N is for Nach Le  

Nightclub DJs will all confess that from the moment they start turning those tables, they’re inundated with requests for something Punjabi. In those dark, neon spaces, Nucleya’s ‘Mera Laung Gawacha’ and RDB’s ‘Tamanche Pe Disco’ get your legs jiving more than a sixth pint of beer. I must make a confession. When no one’s looking, I take Bally Sagoo’s advice and do some ‘Nach Le’ myself.

O is for O Kudiye Teri Jawaani  

Keats wrote an ode to nightingale. Punjabis usually write their odes to ‘kudis’ and ‘jawaani’. The most memorable such ditty came from Bombay Rockers. In the early 2000s, the Danish/Indian band released ‘Rock the Party’. You’d think you had heard them say ‘frack’ the party, but this was really a love song. The ‘kudi’ and her ‘jawaani’ were both objects of terrible torment. Who would’ve thunk!

P is for Punjabi Pride

Bengalis or Tamilians would never get away with it, but Punjabis make it a point to periodically remind us of their supremacy. Akshay Kumar, for instance, wears his pride on his sleeve. There was Singh is Kinng in 2008 and then we saw Singh is Bliing (2015). The message, though, came with Speedy Singhs. Akshay sang ‘Shera Di Kaum Punjabi’ with gusto. (No, you don’t mess with lions.)

Q is for Qawwali

It would not be an act of appropriation to call Nusrat Fateh Ali Khan the greatest Punjabi musician to have ever lived. His family, after all, hailed from Jalandhar. His songs such as ‘Sanu Ek Pal Chain Na Aave’, ‘Akhiyan Udeek Diyan’ and ‘Kinna Sohna Tenu’ are representative of the sublime verse the language affords. Rahat, his nephew, only carries on the tradition with ‘Main Tenu Samjhaawan Ki.’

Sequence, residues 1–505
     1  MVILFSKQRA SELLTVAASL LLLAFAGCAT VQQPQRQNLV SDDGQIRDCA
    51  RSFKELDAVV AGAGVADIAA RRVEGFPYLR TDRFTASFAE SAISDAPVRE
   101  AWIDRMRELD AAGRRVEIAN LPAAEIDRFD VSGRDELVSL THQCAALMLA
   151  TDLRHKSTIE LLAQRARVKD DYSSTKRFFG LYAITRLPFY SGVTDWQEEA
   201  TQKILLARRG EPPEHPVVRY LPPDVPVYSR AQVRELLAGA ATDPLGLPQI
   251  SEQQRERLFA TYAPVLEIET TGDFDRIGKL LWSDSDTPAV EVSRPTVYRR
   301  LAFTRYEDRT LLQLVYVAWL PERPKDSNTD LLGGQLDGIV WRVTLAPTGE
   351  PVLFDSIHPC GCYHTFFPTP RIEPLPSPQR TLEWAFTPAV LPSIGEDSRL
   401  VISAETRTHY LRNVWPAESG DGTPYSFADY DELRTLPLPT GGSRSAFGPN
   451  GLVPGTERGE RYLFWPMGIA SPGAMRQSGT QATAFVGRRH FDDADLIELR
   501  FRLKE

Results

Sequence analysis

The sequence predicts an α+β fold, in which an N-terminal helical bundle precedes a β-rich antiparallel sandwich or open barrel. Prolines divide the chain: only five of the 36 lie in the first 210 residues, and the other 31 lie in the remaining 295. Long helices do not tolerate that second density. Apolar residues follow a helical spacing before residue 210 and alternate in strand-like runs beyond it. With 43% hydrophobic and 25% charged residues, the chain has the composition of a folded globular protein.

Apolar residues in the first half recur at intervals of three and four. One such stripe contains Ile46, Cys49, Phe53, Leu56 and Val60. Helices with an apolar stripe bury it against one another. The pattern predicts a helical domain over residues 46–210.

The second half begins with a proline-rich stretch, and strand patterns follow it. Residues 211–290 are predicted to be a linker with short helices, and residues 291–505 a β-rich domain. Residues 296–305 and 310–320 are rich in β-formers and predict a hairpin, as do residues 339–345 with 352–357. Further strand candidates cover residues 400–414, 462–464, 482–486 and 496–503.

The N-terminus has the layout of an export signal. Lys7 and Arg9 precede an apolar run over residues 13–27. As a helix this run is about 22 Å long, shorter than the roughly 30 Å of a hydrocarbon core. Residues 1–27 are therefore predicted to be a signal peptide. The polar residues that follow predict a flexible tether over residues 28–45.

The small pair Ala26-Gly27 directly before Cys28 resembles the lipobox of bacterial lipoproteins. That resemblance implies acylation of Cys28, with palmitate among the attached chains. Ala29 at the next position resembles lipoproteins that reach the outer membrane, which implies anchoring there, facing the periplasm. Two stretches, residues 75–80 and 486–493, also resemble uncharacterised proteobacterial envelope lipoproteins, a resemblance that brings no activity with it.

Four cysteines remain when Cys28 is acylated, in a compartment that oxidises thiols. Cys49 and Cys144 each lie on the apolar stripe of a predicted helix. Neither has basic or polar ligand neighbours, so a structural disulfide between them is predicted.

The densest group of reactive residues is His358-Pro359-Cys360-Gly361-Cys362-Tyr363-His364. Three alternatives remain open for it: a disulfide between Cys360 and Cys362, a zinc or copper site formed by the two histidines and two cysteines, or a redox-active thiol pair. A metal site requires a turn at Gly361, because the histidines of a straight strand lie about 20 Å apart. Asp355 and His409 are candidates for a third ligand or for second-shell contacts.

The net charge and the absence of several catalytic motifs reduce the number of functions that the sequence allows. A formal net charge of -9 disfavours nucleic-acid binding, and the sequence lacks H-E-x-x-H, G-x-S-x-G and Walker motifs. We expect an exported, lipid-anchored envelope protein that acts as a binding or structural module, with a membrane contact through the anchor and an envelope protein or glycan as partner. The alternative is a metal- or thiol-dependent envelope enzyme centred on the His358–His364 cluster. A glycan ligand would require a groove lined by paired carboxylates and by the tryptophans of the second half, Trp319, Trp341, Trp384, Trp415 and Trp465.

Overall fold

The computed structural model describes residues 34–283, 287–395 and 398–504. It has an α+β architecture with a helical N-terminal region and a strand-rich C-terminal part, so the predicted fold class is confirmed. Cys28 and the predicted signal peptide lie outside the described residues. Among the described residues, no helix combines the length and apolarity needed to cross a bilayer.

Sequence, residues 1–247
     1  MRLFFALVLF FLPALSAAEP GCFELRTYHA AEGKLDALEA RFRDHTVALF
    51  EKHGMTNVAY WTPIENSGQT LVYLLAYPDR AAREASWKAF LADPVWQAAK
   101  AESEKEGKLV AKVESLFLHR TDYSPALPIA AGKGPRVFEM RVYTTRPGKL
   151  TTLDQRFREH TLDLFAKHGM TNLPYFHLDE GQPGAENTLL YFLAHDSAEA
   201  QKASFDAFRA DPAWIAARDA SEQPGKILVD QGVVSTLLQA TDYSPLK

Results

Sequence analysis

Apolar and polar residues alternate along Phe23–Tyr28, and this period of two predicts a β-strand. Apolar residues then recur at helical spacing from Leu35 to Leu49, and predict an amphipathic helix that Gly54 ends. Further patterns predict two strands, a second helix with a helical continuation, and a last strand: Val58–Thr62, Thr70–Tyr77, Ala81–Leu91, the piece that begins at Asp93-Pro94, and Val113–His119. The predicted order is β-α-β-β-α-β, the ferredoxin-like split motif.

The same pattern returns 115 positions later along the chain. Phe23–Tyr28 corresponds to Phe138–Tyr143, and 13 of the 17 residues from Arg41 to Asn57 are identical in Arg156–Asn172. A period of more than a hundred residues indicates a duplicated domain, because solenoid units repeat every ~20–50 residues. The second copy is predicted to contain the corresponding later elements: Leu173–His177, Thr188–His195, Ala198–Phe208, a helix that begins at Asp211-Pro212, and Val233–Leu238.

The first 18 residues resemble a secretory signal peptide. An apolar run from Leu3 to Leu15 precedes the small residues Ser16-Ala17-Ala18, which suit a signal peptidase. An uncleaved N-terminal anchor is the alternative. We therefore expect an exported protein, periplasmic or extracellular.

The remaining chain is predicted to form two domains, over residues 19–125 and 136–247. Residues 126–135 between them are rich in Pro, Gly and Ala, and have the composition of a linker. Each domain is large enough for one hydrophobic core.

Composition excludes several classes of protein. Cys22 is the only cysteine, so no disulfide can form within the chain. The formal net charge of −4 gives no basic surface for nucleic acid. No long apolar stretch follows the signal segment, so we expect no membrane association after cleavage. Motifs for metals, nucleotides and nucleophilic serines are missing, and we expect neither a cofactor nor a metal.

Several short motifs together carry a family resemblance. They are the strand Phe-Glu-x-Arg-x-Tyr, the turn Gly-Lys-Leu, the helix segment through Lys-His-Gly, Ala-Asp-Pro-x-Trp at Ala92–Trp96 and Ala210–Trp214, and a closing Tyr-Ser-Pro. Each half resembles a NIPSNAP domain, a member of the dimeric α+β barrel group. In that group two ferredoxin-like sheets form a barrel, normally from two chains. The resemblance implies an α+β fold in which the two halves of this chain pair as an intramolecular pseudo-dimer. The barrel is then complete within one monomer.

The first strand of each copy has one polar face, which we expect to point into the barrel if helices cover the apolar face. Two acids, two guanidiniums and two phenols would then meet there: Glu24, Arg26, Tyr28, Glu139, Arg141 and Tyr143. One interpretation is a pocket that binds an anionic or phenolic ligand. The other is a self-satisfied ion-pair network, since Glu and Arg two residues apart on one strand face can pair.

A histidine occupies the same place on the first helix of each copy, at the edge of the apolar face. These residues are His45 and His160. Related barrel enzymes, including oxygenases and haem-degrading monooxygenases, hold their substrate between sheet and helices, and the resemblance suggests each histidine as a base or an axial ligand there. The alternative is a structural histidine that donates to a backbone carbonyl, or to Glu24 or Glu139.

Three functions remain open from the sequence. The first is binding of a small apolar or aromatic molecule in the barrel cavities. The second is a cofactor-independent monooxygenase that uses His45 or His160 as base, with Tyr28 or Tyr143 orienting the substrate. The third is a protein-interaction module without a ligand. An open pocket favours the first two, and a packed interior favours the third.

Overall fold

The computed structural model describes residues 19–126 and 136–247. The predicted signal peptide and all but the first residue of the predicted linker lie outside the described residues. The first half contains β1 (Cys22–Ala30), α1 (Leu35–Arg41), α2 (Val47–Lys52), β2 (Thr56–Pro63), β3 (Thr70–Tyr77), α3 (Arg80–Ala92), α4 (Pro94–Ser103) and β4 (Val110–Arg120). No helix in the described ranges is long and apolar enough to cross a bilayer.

R is for Rabbi

Rabbi performs a Punjabi music that is chicken soup for the soul. With ‘Bulla Ki Jaana’, he had us each asking that one existential question – ‘Who am I?’ Then came ‘Tere Bin’, a dedication still made by lovers in long-distance relationships. Finally, there was ‘Challa’ in Jab Tak Hai Jaan. Rahman’s music, Gulzar’s lyrics and Shah Rukh Khan’s hands in the air – there really was little else we needed.

S is for Sukhbir      

You just need to sample a few of their tunes to know that hip-hop stars love their dollars. Sukhbir is essentially our Snoop Dogg. Last year, he was detained at the Lahore airport because he was carrying all of $27,000 in cash. But I can forgive him this transgression. Along with Daler Mehndi, he had made Punjabi so delectably pop. ‘Gal Ban Gayee’ and ‘Ishq Tera Tarpave’ … my debt is immense.

T is for Tung Tung

Diljit Dosanjh and the Nooran Sisters recreated ‘Tung Tung’ for Singh is Bliing, but it lacked the raw appeal of Sneha Khanwalkar’s original. The music director found herself at Punjab’s Qila Raipur Rural Olympics for her show Sound Trippin’. She sampled the sounds of boys jumping on husk, of Sardars commentating, and her folk-electronic song still has me yelling, ‘Tung Tung Da Sound Karda.’